Orgasming at the Same Time as Your Partner: How Does it Happen?

Okay, collegiettes. Since this week’s theme here at HC UCSB is things girls don’t talk about…but really want to talk about, I decided to bring up a topic I’ve always been too scared to bring up: orgasms. More specifically, orgasming at the same time as your partner during sex.

GIF via Bustle 

Before my first time, I always assumed that sex was the way it was portrayed in saucy television scenes and movies. That is, a lot of passionate kissing, romantic moaning, and the grand finale would result in both of us getting our big Os.

That, as you can imagine, was definitely not the case.

In fact, even after getting comfortable with my first long term sexual partner – my current boyfriend – it took quite a while for me to reach my climax. Sex, for the vast majority of the time, felt good, but usually ended with my boyfriend orgasming first and me left like, “okay…cool [insert dark moon face emoji here.]” OR sometimes the opposite would happen, and I would orgasm first, and essentially say to my boyfriend, “alright, I think we’re done here.”

Both of these situations were equally frustrating for me, however. It just really felt like my boyfriend and I could never get on the same page, and sometimes left me questioning whether or not we were “compatible” in bed.

Within any healthy sexual relationship, you want to make yourself feel good and make sure that you’re making your partner feels just as good. We were both making each other feel good, but the full satisfaction wasn’t there because I always felt there was something missing.

This brings up two problems: 1) even though we know media portrayals of sex (and so many other things) are bogus, they still have a profound effect on our expectations in bed, and 2) somewhere along the way, we’ve gotten the idea that if things aren’t perfect in the bedroom, it’s a bigger reflection on your relationship as a whole.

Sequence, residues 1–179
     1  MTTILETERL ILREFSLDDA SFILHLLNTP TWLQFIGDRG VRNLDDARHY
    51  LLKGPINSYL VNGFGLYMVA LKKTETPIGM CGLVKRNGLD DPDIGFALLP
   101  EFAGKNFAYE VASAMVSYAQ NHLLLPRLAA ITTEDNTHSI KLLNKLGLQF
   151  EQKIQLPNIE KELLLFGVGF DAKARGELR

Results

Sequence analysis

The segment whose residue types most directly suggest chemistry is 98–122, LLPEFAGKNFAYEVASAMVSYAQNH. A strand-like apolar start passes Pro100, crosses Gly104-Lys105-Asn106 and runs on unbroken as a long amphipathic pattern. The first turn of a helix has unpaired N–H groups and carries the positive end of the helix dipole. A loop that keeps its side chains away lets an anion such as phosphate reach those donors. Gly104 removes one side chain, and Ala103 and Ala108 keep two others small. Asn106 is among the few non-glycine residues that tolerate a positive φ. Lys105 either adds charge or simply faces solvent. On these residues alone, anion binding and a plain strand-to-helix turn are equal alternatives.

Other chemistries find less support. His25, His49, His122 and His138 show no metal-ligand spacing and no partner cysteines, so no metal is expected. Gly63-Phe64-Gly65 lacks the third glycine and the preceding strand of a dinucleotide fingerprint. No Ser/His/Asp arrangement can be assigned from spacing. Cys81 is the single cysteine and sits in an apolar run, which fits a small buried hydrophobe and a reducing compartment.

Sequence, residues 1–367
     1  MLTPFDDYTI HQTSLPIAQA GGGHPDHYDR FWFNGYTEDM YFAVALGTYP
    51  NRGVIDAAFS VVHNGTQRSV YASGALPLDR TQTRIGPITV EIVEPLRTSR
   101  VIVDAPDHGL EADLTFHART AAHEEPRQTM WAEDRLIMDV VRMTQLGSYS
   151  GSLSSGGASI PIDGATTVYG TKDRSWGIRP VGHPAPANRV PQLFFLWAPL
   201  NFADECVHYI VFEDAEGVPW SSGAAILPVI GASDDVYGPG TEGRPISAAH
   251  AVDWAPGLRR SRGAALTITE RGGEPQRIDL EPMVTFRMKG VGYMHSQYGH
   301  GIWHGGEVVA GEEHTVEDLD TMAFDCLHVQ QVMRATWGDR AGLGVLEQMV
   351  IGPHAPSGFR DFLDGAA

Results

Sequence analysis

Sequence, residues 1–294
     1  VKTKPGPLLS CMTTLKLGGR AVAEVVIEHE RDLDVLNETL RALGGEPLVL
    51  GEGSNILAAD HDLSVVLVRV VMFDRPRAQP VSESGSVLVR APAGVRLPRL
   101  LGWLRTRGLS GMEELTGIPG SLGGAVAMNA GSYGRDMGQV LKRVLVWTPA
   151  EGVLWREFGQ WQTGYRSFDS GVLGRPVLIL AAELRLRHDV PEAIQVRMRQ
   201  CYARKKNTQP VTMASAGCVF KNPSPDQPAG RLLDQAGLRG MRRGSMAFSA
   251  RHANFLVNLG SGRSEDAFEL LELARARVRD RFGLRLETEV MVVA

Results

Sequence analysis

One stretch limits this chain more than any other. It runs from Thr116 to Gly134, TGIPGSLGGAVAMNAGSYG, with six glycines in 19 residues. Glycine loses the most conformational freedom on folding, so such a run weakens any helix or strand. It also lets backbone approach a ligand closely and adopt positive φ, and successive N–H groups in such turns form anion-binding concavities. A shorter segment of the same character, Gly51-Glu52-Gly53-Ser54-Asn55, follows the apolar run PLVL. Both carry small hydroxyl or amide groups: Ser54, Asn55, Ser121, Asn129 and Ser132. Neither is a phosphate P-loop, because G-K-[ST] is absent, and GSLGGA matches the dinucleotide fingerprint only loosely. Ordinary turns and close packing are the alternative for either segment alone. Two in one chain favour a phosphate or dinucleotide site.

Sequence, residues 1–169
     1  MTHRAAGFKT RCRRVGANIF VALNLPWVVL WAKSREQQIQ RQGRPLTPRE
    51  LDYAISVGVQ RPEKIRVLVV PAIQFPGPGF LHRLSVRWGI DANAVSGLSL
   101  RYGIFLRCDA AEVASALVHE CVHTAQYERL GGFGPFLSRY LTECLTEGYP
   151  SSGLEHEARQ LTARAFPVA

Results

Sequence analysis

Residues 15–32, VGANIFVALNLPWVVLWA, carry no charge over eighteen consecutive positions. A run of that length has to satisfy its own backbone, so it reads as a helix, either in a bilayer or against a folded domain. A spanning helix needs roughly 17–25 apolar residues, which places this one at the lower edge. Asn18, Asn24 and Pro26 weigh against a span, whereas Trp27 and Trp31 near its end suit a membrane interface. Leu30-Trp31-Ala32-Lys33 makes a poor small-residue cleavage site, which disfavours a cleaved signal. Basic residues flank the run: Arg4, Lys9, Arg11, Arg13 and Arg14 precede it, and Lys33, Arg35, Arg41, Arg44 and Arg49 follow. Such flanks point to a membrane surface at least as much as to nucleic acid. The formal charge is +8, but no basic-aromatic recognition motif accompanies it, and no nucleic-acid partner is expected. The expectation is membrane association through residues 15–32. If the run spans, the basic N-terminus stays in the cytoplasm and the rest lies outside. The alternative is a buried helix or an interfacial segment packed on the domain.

Well, I’m here to call BS. Sex is an important component to a relationship, but it’s also just that: one piece of the puzzle that fits into many others. The base of your relationship shouldn’t revolve around sex, and, plus, sex is something that you can practice and work on together. It’s a learning experience for both partners, and there’s no reason you should feel discouraged if you have mismatched timetables for reaching your Os.

The beauty of healthy sexual relationships is that you and your partner can give each other the time to get to know your own and each other’s bodies. You can encourage one another to try new things and explore what works and what doesn’t. Take the time to figure each other out. Soon enough, you’ll find tempos and tricks that help leave you both satisfied, and, who knows, you might even stumble upon a rhythm that leads to both of you reaching that electric O at the same time.

I know I did.

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